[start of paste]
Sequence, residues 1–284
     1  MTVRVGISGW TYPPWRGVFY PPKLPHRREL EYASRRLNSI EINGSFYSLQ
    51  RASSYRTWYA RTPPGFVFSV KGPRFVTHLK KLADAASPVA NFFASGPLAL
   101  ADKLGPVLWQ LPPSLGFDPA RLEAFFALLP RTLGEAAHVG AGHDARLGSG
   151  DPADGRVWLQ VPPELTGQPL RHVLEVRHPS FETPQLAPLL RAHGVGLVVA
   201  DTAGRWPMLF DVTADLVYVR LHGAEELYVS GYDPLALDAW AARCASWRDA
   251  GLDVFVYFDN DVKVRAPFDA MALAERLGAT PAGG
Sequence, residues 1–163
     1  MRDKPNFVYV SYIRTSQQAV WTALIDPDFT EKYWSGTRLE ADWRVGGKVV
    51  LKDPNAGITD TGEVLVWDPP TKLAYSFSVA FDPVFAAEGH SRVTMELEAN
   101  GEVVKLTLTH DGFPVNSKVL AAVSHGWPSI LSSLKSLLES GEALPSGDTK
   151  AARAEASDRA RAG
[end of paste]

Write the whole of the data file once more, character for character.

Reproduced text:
Sequence, residues 1–284
     1  MTVRVGISGW TYPPWRGVFY PPKLPHRREL EYASRRLNSI EINGSFYSLQ
    51  RASSYRTWYA RTPPGFVFSV KGPRFVTHLK KLADAASPVA NFFASGPLAL
   101  ADKLGPVLWQ LPPSLGFDPA RLEAFFALLP RTLGEAAHVG AGHDARLGSG
   151  DPADGRVWLQ VPPELTGQPL RHVLEVRHPS FETPQLAPLL RAHGVGLVVA
   201  DTAGRWPMLF DVTADLVYVR LHGAEELYVS GYDPLALDAW AARCASWRDA
   251  GLDVFVYFDN DVKVRAPFDA MALAERLGAT PAGG
Sequence, residues 1–163
     1  MRDKPNFVYV SYIRTSQQAV WTALIDPDFT EKYWSGTRLE ADWRVGGKVV
    51  LKDPNAGITD TGEVLVWDPP TKLAYSFSVA FDPVFAAEGH SRVTMELEAN
   101  GEVVKLTLTH DGFPVNSKVL AAVSHGWPSI LSSLKSLLES GEALPSGDTK
   151  AARAEASDRA RAG